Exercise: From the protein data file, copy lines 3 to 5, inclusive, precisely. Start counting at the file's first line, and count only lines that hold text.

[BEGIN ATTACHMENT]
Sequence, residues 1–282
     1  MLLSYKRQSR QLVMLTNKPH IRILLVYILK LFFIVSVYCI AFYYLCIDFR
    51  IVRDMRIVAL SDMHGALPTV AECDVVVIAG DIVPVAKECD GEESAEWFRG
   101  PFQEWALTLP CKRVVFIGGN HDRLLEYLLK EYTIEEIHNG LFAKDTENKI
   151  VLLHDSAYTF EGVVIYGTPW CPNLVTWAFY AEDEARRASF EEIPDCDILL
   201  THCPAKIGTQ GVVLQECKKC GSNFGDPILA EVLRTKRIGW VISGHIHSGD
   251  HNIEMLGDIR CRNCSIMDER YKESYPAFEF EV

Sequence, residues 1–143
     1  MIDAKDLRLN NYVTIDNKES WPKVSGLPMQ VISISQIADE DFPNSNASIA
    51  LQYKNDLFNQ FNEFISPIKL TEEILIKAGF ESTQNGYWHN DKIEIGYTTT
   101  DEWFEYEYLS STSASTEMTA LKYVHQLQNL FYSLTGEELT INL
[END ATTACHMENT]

    51  IVRDMRIVAL SDMHGALPTV AECDVVVIAG DIVPVAKECD GEESAEWFRG
   101  PFQEWALTLP CKRVVFIGGN HDRLLEYLLK EYTIEEIHNG LFAKDTENKI
   151  VLLHDSAYTF EGVVIYGTPW CPNLVTWAFY AEDEARRASF EEIPDCDILL